Importantly, in August 2012, I made a commitment to publish high-quality evidence-based articles that include as little personal bias as possible. I decided to simply report the evidence and leave out my personal opinions. If the research points strongly in one direction or another, I will make concluding statements such as, “This evidence shows that this test is preferred over that test,” or “There is not enough evidence to recommend routine use of _____,” or “The risks and benefits of these options are…” However, I try to ensure that these concluding statements are based on solid research evidence and not my personal opinion.
In the interest of transparency, here is the process that is followed before each evidence-based article is published. We began using this process formally in August 2012.
- A topic is chosen, and we ask ourselves and our audience a series of questions about that topic.
- We write down our own personal feelings about that topic. This helps us be aware of our biases, which hopefully helps lessen bias during the writing process.
- We conduct a literature review using PubMed, the search engine for the National Institutes of Health and the U.S. National Library of Medicine. We choose specific key words that will best help us find the articles that we are looking for.
- First, we search for meta-analyses, which are considered the highest level of evidence on a topic. We also search for systematic reviews, randomized controlled trials, observational studies, quality control papers, and case reports as appropriate.
- We read through the titles and abstracts (also known as summaries) to determine whether each article is relevant to my search. If an article is relevant, we download the article and read it in its entirety. We read the reference list from each downloaded paper to make sure we did not miss any relevant articles that have been published.
- We add each article that I read into my EndNote file, which is a referencing software.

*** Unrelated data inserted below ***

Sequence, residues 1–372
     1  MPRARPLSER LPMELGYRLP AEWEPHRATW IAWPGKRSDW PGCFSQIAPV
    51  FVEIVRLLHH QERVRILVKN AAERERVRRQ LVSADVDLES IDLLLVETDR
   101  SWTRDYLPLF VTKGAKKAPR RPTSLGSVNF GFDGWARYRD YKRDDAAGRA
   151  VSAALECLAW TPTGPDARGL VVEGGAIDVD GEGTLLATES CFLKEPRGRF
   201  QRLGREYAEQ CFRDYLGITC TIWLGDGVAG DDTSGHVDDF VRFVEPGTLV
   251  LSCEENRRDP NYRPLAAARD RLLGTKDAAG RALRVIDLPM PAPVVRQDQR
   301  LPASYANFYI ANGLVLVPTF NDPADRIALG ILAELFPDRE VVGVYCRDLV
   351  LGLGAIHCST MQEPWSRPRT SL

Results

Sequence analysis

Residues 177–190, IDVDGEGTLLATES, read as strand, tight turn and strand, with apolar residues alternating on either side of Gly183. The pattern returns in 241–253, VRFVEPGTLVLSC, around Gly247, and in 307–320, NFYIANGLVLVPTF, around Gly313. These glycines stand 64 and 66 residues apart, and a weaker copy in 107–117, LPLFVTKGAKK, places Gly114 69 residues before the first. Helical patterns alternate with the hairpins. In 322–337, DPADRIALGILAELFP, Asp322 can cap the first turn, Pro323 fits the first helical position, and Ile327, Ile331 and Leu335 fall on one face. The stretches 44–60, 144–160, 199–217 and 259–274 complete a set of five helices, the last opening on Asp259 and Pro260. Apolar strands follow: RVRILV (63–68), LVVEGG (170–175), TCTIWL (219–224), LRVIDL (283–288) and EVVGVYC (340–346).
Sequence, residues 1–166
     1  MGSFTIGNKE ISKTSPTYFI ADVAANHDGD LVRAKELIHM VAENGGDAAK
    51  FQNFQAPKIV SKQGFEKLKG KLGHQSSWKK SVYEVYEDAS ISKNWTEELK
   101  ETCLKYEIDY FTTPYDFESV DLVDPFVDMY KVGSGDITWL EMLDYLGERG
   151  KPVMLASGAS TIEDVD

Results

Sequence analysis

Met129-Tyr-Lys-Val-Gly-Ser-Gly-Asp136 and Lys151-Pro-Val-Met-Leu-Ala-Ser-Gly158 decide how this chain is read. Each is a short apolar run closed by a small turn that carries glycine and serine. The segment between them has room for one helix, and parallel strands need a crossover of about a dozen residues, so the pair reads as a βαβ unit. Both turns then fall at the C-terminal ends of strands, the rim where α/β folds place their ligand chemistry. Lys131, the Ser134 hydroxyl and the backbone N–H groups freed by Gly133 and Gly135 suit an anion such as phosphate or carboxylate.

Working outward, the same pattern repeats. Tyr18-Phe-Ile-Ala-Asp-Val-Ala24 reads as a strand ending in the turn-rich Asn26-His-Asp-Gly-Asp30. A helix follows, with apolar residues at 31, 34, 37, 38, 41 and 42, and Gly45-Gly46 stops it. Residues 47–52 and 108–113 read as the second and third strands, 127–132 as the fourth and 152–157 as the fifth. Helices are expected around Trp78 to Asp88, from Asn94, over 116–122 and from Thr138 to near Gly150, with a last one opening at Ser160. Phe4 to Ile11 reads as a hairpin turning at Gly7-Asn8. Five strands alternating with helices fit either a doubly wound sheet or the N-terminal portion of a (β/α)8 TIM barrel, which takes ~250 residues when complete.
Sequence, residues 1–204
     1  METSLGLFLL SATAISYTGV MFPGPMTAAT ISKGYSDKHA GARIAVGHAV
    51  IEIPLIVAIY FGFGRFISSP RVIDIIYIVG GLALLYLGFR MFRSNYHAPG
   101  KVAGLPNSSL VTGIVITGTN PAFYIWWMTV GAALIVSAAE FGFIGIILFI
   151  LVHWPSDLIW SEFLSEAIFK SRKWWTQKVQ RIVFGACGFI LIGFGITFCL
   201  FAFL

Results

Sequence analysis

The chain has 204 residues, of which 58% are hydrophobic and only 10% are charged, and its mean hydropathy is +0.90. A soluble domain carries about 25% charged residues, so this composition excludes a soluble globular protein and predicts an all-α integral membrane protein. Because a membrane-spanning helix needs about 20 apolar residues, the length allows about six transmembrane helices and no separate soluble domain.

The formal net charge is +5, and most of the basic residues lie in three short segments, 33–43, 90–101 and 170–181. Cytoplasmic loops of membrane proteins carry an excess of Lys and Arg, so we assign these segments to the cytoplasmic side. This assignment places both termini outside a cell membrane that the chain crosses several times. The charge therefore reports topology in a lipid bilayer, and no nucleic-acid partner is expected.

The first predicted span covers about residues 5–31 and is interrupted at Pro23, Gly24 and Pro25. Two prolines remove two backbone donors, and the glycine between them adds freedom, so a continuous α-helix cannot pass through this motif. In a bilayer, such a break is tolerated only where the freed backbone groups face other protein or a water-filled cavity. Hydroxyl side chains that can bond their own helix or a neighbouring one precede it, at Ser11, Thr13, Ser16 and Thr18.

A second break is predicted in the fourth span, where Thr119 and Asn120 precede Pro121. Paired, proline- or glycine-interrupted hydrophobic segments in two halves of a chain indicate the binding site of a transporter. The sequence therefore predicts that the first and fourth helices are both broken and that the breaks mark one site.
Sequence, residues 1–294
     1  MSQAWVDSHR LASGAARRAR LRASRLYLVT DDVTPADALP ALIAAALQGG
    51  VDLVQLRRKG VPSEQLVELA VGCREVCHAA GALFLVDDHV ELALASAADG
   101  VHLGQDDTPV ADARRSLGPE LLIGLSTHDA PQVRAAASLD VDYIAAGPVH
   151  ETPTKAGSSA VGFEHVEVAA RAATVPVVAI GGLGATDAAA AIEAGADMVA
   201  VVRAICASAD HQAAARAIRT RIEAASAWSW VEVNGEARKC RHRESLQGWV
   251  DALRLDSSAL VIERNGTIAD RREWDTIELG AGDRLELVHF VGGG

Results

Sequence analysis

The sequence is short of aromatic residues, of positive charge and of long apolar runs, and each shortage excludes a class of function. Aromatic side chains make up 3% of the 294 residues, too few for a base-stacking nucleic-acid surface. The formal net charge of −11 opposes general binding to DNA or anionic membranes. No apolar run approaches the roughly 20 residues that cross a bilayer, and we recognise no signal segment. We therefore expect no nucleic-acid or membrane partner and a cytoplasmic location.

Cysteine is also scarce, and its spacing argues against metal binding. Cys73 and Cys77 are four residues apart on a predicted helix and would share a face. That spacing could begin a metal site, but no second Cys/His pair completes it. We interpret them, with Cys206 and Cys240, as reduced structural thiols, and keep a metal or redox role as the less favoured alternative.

- Based on the amount of evidence available, we may or may not include time limits in our search. For example, we may limit my search to research studies that have been conducted in the past 10 years. However, sometimes “classic” studies were carried out many years ago and are still relevant today. If we include an older study, we mention in the article if it is considered a “classic,” landmark, or ground-breaking study.
- We read about the topic using other sources, including multiple obstetric textbooks, UpToDate (a subscription service that publishes up to date evidence-based summaries of almost every medical topic imaginable), and practice guidelines from various organizations.
- We begin writing the article, making sure to include a reference for each factual statement that we make.
- We add links to each of the references so that readers can read the research summaries or full-text articles for themselves on PubMed.
- Once the evidence-based article is drafted, we email it to multiple volunteer reviewers. One of our reviewers is a non-medical professional whose primary purpose is to make sure that we have eliminated as much bias as possible from the article and that we only present the evidence. The other reviewers are healthcare professionals (OBs, midwives, and family physicians) who practice in the obstetrics field and review the content for accuracy, clinical relevancy, and bias. We also contact research experts in that specific field and ask them to review the content and suggest revisions. Finally, we send the article to a medical editor to make sure we do not have any typographical errors.
- The reviewers suggest revisions. We make the recommended changes and send it back to the reviewers and medical editors for a final check.
- The article is published.
- We strive to update Signature Articles at least once every three years, conducting a systematic literature search prior to the update. We note the most recent update date at the beginning of each article.
Baby Photo Credit: Katie McKinney Photography Model: Amir Priceless, Baby | Angel, Mom Team Photos Credit: The Renauds